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When selecting a tool to monitor impact, it could be helpful to consider the following:
What sources of information are your chosen tools “pulling from” or indexing? The greater number of sources that the tool can “read,” the more comprehensive your metrics will be.
What is the business model of your tool? Is it for-profit and available with premium features for a fee, or is it a free platform available to all? For instance, Web of Science and Scopus are databases that we subscribe to, where ImpactStory, ORCID, and Google Scholar offer free profile services.
Have you made a copy of your scholarly materials available also through your institutional repository? Many of the profiling tools are not geared toward actually preserving a copy of your work. So, to ensure that a copy of your work remains publicly available, it’s best to make sure you also deposit a copy in your institutional repository (SUNScholar at SU).
H-Index: It is an equation based on the number of publications and the number of citations per publication and is recognized as an industry standard that gives information about the performance of researchers and research areas that is very useful in some situations. A scientist has an h-index of 9 if his top 9 most-cited publications have each received at least 9 citations.
G-Index: The aim was to rectify the fact that the h-index did not reflect a scientist’s most highly cited papers. It therefore tried to improve on the h-index by giving more weight to highly-cited articles. Given a set of articles ranked in decreasing order of the number of citations that they received, the g-index is the (unique) largest number such that the top g articles received (together) at least g2 citations.
M-Index: In order to compare scientists at different stages of their career, Hirsch presented the “m parameter”, which is the result of dividing h by the scientific age of a scientist (number of years since the author’s first publication). The m-index is defined as h/n, where n is the number of years since the first published paper of the scientist.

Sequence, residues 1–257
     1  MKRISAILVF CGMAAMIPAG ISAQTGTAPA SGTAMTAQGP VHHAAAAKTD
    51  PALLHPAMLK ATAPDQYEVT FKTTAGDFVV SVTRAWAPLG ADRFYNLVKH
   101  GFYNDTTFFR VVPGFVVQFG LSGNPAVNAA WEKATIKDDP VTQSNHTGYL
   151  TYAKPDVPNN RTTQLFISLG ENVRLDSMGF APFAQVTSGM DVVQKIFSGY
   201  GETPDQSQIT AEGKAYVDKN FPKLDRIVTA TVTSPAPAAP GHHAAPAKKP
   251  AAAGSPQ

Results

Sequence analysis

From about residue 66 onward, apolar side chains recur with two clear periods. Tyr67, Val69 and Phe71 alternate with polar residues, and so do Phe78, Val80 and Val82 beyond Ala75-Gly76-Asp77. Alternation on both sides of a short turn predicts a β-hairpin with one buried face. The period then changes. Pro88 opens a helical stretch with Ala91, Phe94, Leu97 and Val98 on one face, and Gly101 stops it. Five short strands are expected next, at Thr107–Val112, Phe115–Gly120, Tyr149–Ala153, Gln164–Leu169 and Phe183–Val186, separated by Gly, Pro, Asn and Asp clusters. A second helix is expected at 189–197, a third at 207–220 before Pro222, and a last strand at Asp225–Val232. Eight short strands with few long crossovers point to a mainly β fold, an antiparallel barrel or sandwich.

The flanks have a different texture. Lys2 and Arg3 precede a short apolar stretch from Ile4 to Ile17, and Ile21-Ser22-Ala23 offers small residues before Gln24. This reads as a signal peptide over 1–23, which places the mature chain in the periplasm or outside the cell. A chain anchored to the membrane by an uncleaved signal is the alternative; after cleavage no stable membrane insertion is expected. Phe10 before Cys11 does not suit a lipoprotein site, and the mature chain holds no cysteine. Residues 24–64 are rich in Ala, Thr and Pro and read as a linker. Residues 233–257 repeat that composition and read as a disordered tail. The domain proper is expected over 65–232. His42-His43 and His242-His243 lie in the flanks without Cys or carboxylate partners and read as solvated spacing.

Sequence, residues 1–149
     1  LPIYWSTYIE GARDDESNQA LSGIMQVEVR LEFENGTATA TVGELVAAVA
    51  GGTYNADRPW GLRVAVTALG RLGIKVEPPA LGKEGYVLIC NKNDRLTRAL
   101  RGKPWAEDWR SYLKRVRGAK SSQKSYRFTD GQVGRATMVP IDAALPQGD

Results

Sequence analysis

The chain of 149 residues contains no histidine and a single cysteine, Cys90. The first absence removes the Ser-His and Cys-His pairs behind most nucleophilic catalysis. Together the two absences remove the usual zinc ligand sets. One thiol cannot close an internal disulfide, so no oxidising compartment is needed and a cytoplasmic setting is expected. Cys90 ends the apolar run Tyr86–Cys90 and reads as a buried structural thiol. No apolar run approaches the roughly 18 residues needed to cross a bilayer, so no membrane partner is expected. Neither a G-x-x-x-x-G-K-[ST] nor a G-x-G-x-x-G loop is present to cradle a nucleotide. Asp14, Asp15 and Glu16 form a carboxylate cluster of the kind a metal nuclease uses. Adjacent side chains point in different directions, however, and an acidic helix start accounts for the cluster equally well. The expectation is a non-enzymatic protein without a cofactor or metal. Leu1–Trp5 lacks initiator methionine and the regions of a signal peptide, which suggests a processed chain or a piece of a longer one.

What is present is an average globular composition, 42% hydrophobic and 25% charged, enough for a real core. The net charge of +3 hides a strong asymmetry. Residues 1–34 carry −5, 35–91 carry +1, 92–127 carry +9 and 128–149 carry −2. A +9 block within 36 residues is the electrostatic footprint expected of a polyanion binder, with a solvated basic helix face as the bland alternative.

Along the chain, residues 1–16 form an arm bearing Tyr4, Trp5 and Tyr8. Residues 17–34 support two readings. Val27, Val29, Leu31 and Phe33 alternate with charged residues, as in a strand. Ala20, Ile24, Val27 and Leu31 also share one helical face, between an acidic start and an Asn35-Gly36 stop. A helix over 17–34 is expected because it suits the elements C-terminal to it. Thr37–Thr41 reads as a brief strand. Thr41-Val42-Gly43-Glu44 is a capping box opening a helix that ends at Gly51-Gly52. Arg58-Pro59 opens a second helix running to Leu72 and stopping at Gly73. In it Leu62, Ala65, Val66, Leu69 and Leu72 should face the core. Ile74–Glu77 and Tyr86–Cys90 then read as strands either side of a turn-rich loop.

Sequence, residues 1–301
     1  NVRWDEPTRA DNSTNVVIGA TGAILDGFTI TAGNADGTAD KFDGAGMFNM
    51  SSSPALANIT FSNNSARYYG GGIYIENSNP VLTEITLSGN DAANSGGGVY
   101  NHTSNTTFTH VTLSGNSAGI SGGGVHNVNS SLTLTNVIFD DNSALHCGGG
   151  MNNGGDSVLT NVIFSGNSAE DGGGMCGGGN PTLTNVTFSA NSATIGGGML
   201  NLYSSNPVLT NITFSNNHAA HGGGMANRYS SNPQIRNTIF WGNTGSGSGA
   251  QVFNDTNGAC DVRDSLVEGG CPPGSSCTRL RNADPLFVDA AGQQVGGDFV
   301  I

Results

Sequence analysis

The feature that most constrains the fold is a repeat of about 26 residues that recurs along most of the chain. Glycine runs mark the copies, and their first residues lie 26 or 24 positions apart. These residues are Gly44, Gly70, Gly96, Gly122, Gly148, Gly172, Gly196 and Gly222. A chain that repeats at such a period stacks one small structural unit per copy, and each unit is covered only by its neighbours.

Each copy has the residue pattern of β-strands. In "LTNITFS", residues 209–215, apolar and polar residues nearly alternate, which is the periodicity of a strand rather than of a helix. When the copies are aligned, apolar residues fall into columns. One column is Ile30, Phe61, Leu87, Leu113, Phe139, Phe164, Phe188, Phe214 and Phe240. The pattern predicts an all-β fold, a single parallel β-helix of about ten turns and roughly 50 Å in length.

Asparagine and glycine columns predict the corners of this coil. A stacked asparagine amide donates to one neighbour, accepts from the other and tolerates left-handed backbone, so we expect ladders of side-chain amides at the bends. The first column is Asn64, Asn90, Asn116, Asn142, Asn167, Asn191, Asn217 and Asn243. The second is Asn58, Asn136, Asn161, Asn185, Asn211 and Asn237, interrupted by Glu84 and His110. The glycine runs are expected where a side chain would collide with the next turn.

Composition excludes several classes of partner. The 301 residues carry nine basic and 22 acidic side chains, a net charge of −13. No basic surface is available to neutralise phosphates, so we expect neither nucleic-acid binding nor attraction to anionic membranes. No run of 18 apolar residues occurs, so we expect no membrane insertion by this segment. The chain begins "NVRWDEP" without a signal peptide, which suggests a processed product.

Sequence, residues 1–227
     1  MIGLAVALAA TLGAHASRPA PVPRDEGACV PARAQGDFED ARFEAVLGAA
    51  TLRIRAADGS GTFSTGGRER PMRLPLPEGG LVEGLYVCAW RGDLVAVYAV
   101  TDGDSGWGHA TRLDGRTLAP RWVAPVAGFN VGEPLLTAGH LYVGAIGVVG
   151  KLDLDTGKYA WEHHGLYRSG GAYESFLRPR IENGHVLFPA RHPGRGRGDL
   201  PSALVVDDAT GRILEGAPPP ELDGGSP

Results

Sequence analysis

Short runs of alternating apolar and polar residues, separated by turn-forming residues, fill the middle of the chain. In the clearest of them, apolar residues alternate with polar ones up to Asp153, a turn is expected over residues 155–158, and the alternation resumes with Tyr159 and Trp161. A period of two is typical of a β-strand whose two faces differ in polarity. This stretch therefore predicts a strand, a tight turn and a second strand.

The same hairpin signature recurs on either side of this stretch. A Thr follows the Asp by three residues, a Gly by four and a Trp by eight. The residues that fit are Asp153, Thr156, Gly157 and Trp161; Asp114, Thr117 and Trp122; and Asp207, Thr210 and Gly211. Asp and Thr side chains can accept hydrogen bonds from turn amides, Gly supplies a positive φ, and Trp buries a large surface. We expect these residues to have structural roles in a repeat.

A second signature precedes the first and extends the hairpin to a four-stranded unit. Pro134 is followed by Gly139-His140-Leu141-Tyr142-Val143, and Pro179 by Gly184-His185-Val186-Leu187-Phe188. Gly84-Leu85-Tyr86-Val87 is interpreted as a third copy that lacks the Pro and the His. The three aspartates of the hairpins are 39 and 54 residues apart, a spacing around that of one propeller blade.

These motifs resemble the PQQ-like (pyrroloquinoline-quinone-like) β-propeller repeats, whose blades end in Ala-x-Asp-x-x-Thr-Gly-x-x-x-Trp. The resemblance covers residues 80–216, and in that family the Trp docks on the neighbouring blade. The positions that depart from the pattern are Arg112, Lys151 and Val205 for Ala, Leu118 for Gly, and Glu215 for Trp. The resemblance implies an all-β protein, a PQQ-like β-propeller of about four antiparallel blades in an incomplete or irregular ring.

H-Index: 2 votes (66.67%)
G-Index: 1 votes (33.33%)
M-Index: 0 votes (0%)
Google scholar's i10 Index: 0 votes (0%)
Total Votes: 3
Measures a variety of research outputs: datasets, software, posters, slides, videos, websites and news articles
Impact is measured by: number of tweets, bookmarks, Likes on Facebook, blog posts, media mentions, etc.
Altmetrics tracks how many times the outputs have been viewed, downloaded, cited, reused/adapted, shared, bookmarked, or commented upon
Altmetric collects and analyses posts about articles and datasets;
ImpactStory is an aggregator of impact for articles, datasets, blog posts, software, etc.;
Plum analytics is used for altmetrics in certain databases, i.e. ScienceDirect, Ebscohost, etc.
Please refer also to Increase your online research visibility under Share and publish
Enhance your research network through the creation of profiles, sharing of papers and engaging with others in your field
Facilitates interactions with other researchers and promotes sharing your research. Also tracks citations and downloads of your works as well as tweets about your works.
Facilitates interactions with other scholars and promotes sharing your works. Also provides analytics regarding use of your works.
Social Science Research Network (SSRN)
SSRN is devoted to the rapid worldwide dissemination of research and is composed of a number of specialised research networks.
You can build a list of contacts on Mendeley. You can search for people already on Mendeley by using the search box on Mendeley Web, viewing their Mendeley profile, and then asking if you can add them to your contacts.
Social media is successfully used researchers to communicate their research. It is also used for information dissemination.
If you use social media to promote your work, it is possible to measure your impact with Google Analytics and Altmetrics.
A paper by Nader Ale Ebrahim, reviewing relevant articles, extracted 33 different ways for increasing citation possibilities. Below some of the ways we would like to recommend (excluding the ways already mentioned in the list above):
Visibility is the key to higher citations
Use a standardised institutional affiliation and address, using no abbreviations